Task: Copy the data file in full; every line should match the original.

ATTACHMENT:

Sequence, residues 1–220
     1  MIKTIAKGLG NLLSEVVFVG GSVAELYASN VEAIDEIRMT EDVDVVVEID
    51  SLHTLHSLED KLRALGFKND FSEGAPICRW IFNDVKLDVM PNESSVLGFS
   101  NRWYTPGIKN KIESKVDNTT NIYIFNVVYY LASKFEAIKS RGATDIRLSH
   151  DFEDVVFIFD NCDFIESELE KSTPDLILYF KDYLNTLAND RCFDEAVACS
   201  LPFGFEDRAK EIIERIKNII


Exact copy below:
Sequence, residues 1–220
     1  MIKTIAKGLG NLLSEVVFVG GSVAELYASN VEAIDEIRMT EDVDVVVEID
    51  SLHTLHSLED KLRALGFKND FSEGAPICRW IFNDVKLDVM PNESSVLGFS
   101  NRWYTPGIKN KIESKVDNTT NIYIFNVVYY LASKFEAIKS RGATDIRLSH
   151  DFEDVVFIFD NCDFIESELE KSTPDLILYF KDYLNTLAND RCFDEAVACS
   201  LPFGFEDRAK EIIERIKNII